shouted an alarm. Anna hurried into the junk's cabin. She hastily put bedding and pillows against the walls to slow any bullet that pierced the wall. Less than a minute passed, the junk was now fully within the narrows of Wushan Gorge. A bullet smacked the water at the stern. Intended for the junk's steersman, the shooter wanted to disable him. Loss of steering would throw the junk into confusion and cause it to wreck. Granger returned fire with his pistol instantly, as did his Chinese assistants Jim Wong and Buckshot with their rifles. Anna flattened herself out on the floor of the cabin just as their Chinese cook Chow hurled himself through the entryway toward the very same spot, nearly crushing Anna. Together they inched along the floor and down into the junk's hold. An unarmed Chinese soldier, taken aboard at Wanhsien after begging for a ride, took off his uniform and hid in the cabin. With their automatic pistols, U.S. Navy Seaman 2nd class P.N. McRoberts and Fireman 3rd class Burt Crabtree returned fire along with Granger, Wong, and Buckshot. The steersman turned the junk toward the opposite shore. Forty-three rounds were fired back at the sniper's position. Only two other shots came from the bank, both aimed at the junk's oarsmen. The sniper did not succeed and it will never be known whether he even survived return fire. Why were two, armed American sailors aboard Granger's junk? "3/23/23 - USS Palos: Pan Tuo. Moored as before. At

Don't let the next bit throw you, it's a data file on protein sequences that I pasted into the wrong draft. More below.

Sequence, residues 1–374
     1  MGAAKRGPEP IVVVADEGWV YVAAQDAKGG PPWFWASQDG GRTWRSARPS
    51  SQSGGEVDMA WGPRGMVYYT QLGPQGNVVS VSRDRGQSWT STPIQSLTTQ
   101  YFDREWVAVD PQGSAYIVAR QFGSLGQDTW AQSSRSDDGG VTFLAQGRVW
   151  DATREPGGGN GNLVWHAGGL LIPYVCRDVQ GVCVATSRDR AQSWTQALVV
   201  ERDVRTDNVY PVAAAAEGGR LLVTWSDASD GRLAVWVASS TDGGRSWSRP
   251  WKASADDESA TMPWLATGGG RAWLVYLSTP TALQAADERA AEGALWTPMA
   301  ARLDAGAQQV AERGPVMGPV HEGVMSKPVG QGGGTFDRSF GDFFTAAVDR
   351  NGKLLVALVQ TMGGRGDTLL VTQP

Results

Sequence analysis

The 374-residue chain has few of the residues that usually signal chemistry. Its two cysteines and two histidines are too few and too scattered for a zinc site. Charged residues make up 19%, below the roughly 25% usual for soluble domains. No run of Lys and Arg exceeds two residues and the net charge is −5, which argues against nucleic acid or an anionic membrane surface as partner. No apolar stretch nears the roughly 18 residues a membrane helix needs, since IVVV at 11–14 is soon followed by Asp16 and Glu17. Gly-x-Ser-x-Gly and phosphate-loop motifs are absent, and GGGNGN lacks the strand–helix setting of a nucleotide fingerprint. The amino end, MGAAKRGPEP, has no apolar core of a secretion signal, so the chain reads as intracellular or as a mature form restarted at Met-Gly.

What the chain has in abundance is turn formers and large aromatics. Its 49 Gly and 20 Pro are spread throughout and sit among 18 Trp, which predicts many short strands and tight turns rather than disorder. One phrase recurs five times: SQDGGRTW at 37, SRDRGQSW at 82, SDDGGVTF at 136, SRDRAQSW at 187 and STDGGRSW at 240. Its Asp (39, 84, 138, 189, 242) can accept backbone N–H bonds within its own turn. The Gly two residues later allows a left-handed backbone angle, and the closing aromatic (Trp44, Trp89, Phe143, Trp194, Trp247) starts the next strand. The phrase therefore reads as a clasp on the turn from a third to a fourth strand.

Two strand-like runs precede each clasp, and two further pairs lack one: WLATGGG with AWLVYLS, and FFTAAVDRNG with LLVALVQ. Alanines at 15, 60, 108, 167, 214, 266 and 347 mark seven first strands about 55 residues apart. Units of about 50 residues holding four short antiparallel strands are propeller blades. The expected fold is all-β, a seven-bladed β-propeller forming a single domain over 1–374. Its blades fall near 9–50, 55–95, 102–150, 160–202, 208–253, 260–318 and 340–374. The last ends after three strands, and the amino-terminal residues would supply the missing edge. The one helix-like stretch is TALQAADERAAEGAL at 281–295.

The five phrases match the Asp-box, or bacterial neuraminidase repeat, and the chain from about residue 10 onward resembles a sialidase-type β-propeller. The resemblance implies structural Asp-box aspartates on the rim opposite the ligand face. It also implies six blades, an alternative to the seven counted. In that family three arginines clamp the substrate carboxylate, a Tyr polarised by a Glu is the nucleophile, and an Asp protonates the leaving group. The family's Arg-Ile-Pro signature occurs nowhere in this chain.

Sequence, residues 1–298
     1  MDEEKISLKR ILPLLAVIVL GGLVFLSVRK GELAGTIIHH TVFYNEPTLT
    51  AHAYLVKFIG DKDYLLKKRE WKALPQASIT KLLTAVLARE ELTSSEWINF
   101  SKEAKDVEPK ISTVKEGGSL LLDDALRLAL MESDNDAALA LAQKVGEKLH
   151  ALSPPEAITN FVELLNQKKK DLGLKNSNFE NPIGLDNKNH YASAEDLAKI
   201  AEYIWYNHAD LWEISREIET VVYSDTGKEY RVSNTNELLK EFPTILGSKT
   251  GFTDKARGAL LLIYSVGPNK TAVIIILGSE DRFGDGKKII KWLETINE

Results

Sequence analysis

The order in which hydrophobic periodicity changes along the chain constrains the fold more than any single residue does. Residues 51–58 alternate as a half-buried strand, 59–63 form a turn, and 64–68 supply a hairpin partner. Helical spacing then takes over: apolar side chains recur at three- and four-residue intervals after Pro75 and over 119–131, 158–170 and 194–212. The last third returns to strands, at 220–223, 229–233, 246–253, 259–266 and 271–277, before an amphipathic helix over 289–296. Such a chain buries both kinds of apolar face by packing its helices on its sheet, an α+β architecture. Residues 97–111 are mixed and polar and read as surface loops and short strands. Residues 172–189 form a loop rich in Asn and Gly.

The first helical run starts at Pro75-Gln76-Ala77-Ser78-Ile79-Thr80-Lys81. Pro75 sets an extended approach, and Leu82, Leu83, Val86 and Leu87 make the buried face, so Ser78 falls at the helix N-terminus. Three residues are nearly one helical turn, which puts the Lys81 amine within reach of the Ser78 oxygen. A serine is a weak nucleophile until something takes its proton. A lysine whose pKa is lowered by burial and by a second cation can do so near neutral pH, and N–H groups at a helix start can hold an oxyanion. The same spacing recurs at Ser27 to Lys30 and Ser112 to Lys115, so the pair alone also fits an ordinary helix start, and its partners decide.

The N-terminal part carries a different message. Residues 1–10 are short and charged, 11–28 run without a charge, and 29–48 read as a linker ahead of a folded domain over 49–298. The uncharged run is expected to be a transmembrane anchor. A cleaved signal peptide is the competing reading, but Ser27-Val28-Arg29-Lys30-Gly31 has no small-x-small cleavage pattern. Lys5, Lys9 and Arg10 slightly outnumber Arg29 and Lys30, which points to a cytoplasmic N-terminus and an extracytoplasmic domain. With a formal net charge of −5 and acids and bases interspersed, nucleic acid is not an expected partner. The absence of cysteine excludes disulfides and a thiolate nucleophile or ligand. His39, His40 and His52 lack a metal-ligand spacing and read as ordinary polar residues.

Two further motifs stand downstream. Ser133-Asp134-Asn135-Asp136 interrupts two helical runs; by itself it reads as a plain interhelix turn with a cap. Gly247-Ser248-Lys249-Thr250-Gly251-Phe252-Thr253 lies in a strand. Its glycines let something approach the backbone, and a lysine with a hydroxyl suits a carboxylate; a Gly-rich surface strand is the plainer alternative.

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Army began their final battle for Wanhsien in early March of 1923. Chang Chung, then current military chief of the Wanhsien district,4 had earlier ousted Yang Sheng from that very position and then repelled an attempt by Yang Sheng to retake the city. This time, however, Yang Sheng's effort to retake Wanhsien was aided by powerful Chinese warlord Wu P'ei-fu.5 Chang Chung was worried enough by the change in balance to send his wife out of the city -- conclusive proof to observers that this coming round would not go well for the General. On March 6th, elements of Yang Sheng's 2nd Army advanced from the southwest across the Yangtze to enter the outskirts of Wanhsien. Granger's base camp lay in their path. Over the next several days, advancing and retreating troops of both armies ebbed and flowed past Granger's doorstep at Yenchingkuo (Yangjingou). Granger and his assistants kept 24-hour watch while the fit, the wounded, and the stragglers of the 2nd Army advanced, then retreated, then advanced again in a exhausting, deadly dance of resolution with the 1st. Granger and his men slept little, remaining fully clothed with personal weapons at the ready all the while. Early on the morning of March 7, Granger learned that General Yang Sheng himself was about to pass by: "All quiet during the night. About daybreak the first group of the advancing 2nd Army passed through the valley and another